Month: December 2017

Japanese Bullet Trains

Japan is one of the countries where many people living
there, appreciate its beauty and love traveling within its boundaries. A person
may want travel in Kyoto’s temples, Tokyo Disneyland and Disney Sea, or just
wish to go shopping in its beautiful malls. What exactly do the Japanese people
ride when they choose to travel? The most effective transportation in traveling
around Japan is its high-technology bullet train (Shinkansen), as they say, the
best, and fastest train in the world. Japan, is best known for being advanced
in technology, has effectively proven its bullet trains as the best. It could
carry twice the passengers that a commercial airline transport could actually
carry.
The network of Japanese bullet trains known as the
Shinkansen has speeds ranging from 240–320 km/h (150–200 mph). The previous
fastest bullet trains ran at slightly lower speed in Japan between our Osaka
and Tokyo, but these newer Japanese bullet trains have had test runs that have
reached gone up to 443 km/h (275 mph). The only problem is that takes a long
time to slow down, so it doesn’t reach top Speed on every trip or stay at those
top Speed for very long. But if speed is what you need then this bullet train
is best of the best.
The original Tokaido Shinkansen, that connects the largest
cities of Osaka and Tokyo, is the world’s most busy high-speed railway line. It
carries over 151 million passengers each year and it has carried more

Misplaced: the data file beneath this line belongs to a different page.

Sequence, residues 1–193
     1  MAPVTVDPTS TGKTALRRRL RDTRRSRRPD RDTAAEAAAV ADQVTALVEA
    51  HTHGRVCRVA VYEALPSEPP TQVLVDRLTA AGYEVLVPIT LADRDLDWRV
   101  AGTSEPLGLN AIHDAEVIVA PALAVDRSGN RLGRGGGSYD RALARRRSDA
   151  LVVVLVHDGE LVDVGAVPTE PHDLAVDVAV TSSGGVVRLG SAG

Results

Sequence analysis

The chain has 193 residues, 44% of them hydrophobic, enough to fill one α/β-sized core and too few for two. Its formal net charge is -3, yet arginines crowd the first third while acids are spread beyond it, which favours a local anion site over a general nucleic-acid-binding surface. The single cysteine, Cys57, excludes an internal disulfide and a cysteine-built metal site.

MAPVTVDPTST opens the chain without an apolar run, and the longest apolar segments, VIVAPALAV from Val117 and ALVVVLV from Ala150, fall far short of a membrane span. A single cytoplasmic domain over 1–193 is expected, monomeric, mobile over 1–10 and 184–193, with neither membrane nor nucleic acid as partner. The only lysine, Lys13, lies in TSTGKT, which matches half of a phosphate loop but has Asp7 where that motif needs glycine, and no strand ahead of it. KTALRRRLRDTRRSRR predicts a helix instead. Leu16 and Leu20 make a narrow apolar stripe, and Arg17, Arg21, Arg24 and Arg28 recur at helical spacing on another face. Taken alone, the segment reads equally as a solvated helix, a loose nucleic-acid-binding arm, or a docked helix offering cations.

passengers than any other railway line in the world. The Japanese bullet trains
service operate much faster than other trains and at a higher frequency other
high-speed lines in the world. During peak times, the line of Japanese bullet
trains carry up to 13 trains per hour on each direction with 16 cars each
(1,323-seat capacity and additional standing travelers) with a minimum headway
of 3 minutes between trains.
Of course in Japan, you may have to slow down quick if there
is an earthquake and the Japanese have already thought about that too. The
bullet trains have spoilers, which come out like giant Japanese fans to break
the air and slow the train down as much as 10 mph and back down to 55 mph when
the brakes kick in hard. The nosecone of the bullet train is over 52 feet long
so that it can shape the airflows so they will streamline the body at those
high rates of speed. Engineers say that the bullet train is even more stable at
high speed due to the special shaping and relative wind of the airflows.
The Japanese bullet trains offer many benefits over other
types of high-capacity transportation. As a result of the infrastructure in
Japan, air travel systems and highways are constrained and cannot expand.
Moreover, in many cases, the existing infrastructure is overloaded. The
introduction of bullet trains has helped to decongest other transit systems. In
addition, these Japanese bullet trains are more energy-efficient and are
recommended for their high passenger capacity and ability to reduce the land
utilized per passenger, compared to cars. Furthermore, train stations require
less space and thus can be located in major cities, facilitating more
convenient travel.

 

 

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